Bringing in the Light: Clearview Library, Stayner, Ontario
An addition to a small-town Ontario arena creates a vibrant new community hub.
PROJECT Clearview Library—Stayner Branch, Stayner, Ontario
ARCHITECT Lebel & Bouliane Inc.
PHOTOS Tom Arban. unless otherwise noted
Context is typically a catalyst for architecture. But when the context is a standard-issue hockey arena and its adjoining box of a community centre, surrounded by acres of parking lots and playing fields, where’s the generating concept? That was the big question for Lebel & Bouliane at the outset of designing Clearview Public Library’s new branch in Stayner, Ontario, a small but rapidly growing town 100 km northwest of Toronto.
The answer, in a word, was: light. “We thought about how to create a space that generated the best light for the library’s needs,” says architect Luc Bouliane. With that thought, and some riffing on how the same type of standing-seam metal that clads the arena could be bent and twisted into something livelier than a straight-ahead shed, a modest but captivating library began to take shape.
Positioning the library east of the community centre and angled away from it, on the north/south axis, enabled the design team to work with the site’s full potential for natural light. At the south end, a deep, zigzagging canopy shields the entrance to a new atrium shared by the library and community centre. From this compact lobby, a view opens through the library to its glazed north wall, which spikes up to the west and faces onto farmland. To the east, large windows punctuate bookshelf-lined walls, offering long-range views of park space and playing fields. The northern exposure provides optimal ambient light for reading and study, while the windows along the east side bring morning sun into the children’s section, a lounge area with a fireplace, and the staff area.
Rotating the library away from the community centre created space for a line of west-facing clerestories, allowing late-day sunlight to stream in without causing glare. A dynamic roofline makes the library visually arresting from the outside and comfortably bright inside: three south-facing light monitors echo the arena roof’s peaked form and draw indirect light deep into the building.
Stayner’s snow-belt location also factored into the roof’s design—multiple slopes encourage the white stuff to slide off rather than accumulate. Pale, prefinished cedar cladding on the exterior walls contrasts cleanly with the dark roof; the cedar’s tactile surface, reminiscent of barn board, humanizes the toughness of the standing-seam metal.
All of this helps explain why the building—the first new-construction library designed by Bouliane after leaving Teeple Architects and establishing a practice with Natasha Lebel—received a 2021 Architectural and Design Transformation Award from the Ontario Library Association. But the Stayner Branch’s success also comes from how it handles larger shifts in this building typology.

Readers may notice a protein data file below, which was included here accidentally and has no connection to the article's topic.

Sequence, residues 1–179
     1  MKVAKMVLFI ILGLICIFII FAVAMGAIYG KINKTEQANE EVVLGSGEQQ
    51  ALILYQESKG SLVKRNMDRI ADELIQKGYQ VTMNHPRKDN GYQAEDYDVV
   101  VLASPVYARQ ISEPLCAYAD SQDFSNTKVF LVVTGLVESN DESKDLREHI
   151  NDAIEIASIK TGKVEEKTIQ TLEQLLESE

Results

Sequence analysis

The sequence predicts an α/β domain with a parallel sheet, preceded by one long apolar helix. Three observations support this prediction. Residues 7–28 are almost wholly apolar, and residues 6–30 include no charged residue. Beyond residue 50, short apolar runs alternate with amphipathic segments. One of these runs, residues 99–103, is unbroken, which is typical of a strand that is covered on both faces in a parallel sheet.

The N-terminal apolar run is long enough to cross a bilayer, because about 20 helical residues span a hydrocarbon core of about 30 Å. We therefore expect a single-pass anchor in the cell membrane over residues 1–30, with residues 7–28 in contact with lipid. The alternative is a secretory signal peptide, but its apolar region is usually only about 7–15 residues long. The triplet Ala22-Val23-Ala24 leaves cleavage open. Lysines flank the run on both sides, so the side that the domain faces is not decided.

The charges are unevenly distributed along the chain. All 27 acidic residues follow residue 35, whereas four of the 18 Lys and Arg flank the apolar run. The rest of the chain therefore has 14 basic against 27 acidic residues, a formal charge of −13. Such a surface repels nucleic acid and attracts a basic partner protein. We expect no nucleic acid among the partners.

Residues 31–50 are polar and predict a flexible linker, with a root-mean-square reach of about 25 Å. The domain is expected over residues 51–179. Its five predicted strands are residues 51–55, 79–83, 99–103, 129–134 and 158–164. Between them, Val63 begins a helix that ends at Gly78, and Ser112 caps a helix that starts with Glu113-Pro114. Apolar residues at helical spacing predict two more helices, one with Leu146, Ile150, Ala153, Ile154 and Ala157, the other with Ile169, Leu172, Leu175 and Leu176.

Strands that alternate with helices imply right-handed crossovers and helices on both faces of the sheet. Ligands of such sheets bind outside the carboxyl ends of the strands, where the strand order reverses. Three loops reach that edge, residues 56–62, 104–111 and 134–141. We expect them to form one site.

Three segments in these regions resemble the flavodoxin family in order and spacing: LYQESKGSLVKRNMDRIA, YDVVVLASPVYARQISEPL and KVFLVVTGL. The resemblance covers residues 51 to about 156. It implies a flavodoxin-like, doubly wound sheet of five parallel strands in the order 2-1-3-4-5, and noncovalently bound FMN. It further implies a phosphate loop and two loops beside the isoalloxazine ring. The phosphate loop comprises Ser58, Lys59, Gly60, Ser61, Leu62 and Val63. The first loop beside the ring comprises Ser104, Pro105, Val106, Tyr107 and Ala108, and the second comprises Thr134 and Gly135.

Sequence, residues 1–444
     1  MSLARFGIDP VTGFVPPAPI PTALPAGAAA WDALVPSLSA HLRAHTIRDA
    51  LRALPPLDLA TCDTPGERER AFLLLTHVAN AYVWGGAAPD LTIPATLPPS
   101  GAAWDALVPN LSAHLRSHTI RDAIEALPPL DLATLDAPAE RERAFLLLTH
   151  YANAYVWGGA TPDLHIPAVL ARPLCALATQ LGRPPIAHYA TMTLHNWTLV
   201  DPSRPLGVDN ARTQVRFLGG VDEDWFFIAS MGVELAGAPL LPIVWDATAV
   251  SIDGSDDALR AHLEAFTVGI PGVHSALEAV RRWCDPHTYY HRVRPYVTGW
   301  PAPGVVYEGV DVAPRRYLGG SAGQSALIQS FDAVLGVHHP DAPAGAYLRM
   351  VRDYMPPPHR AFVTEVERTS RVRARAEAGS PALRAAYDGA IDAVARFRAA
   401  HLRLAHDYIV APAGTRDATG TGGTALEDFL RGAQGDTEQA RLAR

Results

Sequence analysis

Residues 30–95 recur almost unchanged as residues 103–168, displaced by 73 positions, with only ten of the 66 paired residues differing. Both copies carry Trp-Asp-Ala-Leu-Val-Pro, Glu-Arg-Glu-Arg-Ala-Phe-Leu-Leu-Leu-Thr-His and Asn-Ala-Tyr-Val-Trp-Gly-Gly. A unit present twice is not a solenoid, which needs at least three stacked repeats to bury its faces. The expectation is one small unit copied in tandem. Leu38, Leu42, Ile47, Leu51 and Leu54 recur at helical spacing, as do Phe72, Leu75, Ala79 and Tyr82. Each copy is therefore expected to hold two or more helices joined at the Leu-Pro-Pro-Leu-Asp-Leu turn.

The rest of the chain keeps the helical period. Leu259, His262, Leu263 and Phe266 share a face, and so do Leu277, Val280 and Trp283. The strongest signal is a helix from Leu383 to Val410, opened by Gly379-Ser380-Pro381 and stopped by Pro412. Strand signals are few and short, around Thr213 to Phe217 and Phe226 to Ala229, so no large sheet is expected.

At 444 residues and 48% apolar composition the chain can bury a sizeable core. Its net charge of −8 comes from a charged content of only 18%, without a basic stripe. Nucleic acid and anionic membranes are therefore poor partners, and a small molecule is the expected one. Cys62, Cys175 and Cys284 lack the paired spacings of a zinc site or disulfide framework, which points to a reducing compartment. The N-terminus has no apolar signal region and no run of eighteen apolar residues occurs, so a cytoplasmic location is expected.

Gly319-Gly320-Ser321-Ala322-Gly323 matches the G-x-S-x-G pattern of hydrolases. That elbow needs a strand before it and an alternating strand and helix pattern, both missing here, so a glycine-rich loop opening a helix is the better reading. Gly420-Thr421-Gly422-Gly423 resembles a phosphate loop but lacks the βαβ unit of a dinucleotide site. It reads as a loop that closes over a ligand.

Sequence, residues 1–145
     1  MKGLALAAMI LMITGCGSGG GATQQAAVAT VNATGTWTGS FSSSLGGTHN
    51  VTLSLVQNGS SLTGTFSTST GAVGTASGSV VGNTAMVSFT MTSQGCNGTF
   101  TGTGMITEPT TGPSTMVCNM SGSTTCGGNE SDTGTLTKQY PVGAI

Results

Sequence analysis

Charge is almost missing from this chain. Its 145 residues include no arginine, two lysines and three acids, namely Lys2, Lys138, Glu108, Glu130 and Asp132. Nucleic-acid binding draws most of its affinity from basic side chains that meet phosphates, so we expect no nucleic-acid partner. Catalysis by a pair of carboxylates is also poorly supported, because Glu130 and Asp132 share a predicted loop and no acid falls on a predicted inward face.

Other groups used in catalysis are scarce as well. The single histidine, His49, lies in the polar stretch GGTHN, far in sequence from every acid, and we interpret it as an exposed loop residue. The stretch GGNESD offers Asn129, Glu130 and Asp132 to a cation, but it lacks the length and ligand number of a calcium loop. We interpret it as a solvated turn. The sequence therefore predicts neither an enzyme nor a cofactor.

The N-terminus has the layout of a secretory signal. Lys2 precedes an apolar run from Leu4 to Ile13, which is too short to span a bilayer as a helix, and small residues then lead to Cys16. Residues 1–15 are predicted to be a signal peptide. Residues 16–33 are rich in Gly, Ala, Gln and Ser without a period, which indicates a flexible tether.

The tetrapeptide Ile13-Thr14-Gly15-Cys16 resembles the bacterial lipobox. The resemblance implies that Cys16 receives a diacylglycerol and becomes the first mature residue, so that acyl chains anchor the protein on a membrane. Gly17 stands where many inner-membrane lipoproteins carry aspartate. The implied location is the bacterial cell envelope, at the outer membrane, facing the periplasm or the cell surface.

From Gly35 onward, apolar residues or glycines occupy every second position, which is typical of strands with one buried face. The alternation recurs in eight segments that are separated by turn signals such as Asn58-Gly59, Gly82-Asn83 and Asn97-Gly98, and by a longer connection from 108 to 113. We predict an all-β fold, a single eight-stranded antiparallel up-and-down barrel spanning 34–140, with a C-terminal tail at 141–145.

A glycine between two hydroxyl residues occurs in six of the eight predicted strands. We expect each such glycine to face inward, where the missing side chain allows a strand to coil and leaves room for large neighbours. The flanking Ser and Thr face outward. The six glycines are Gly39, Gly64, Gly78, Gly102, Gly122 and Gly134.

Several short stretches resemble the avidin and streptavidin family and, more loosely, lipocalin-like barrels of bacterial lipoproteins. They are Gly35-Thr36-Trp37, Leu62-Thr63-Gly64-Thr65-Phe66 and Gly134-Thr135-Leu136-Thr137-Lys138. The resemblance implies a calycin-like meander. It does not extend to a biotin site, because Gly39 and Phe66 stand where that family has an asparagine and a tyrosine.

Today’s libraries are so much more than book lenders and places for quiet study. They’re where people gather for everything from crafting sessions to ESL classes. They’re where an ex-convict might check in with her parole officer, or where teenagers might play video games with their friends after school. These needs require flexible spaces, with room for more people rather than more books.
The new Stayner branch replaces a tiny downtown library with ineradicable, budget-hoovering condition issues. “The original concept the board looked at was putting up a two-storey building on the existing site, but the cost was going to be astronomical,” says Clearview Public Library CEO Jennifer La Chapelle. Relocating to the ex-urban site next to the community centre and arena was a fiscally responsible choice that enabled shared-use efficiencies. The library can hold its largest events, such as lectures, in community-centre spaces. And the new boardroom in the atrium is for library and community-centre use.
Due to factors including the digitization of media, accessibility requirements for greater between-shelves space, and a shift to lower-height stacks for improved sightlines, the Stayner branch’s physical collection is 25 percent smaller now than in its previous location, even though the new library is three times larger. La Chapelle says Lebel & Bouliane did an exemplary job of “listening to our concerns and ideas and turning them into a functional, visually appealing library.” The space allocation will continue to change over time. Bouliane believes that pressure on libraries to provide many different types of space for community use will increase. He designs libraries with an eye to facilitating the conversion of some collection space to community programming space five or ten years from now.
Stayner’s new library was nearing completion just as Ontario’s first Covid-19 lockdown commenced. Nearly two years later, operations revert to curb-side pickup when pandemic-related school closures occur, and at other times there’s a one-hour limit on library visits. Meeting rooms cannot be booked. The branch’s official opening has been postponed to May 2022. Bouliane is particularly eager to see how this library gets used when the pandemic retreats. Previously, whenever someone in the family had ice time, lots of Stayner kids and parents ended up, by default, in the arena. For many, this bright and accommodating new library will provide welcome alternative options to watching the home team chase the puck.
Pamela Young is a Toronto-based writer and communications manager.
CLIENT Clearview Public Library | ARCHITECT TEAM Luc Bouliane (MRAIC), Natasha Lebel, Thilani Rajarathna, Tiffany Tse | STRUCTURAL/MECHANICAL/ELECTRICAL R. J. Burnside & Associates Ltd. | LANDSCAPE Envision – Tatham | INTERIORS Lebel & Bouliane Ltd. | CONTRACTOR Corebuild Construction Ltd. | AREA 1,110 m2 | BUDGET $4.3 M | COMPLETION March 2020